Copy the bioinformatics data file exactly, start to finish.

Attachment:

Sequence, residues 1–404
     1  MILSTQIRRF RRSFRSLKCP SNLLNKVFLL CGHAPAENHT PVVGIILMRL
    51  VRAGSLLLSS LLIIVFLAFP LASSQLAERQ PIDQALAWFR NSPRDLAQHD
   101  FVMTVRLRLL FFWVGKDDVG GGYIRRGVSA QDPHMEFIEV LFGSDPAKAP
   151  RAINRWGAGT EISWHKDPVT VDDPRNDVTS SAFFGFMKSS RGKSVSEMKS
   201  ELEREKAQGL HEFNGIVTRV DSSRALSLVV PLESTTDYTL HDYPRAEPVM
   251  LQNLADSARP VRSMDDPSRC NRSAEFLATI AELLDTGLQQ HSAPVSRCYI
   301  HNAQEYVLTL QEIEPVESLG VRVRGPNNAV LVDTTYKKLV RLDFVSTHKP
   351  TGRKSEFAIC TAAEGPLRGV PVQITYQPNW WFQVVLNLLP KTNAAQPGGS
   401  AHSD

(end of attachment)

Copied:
Sequence, residues 1–404
     1  MILSTQIRRF RRSFRSLKCP SNLLNKVFLL CGHAPAENHT PVVGIILMRL
    51  VRAGSLLLSS LLIIVFLAFP LASSQLAERQ PIDQALAWFR NSPRDLAQHD
   101  FVMTVRLRLL FFWVGKDDVG GGYIRRGVSA QDPHMEFIEV LFGSDPAKAP
   151  RAINRWGAGT EISWHKDPVT VDDPRNDVTS SAFFGFMKSS RGKSVSEMKS
   201  ELEREKAQGL HEFNGIVTRV DSSRALSLVV PLESTTDYTL HDYPRAEPVM
   251  LQNLADSARP VRSMDDPSRC NRSAEFLATI AELLDTGLQQ HSAPVSRCYI
   301  HNAQEYVLTL QEIEPVESLG VRVRGPNNAV LVDTTYKKLV RLDFVSTHKP
   351  TGRKSEFAIC TAAEGPLRGV PVQITYQPNW WFQVVLNLLP KTNAAQPGGS
   401  AHSD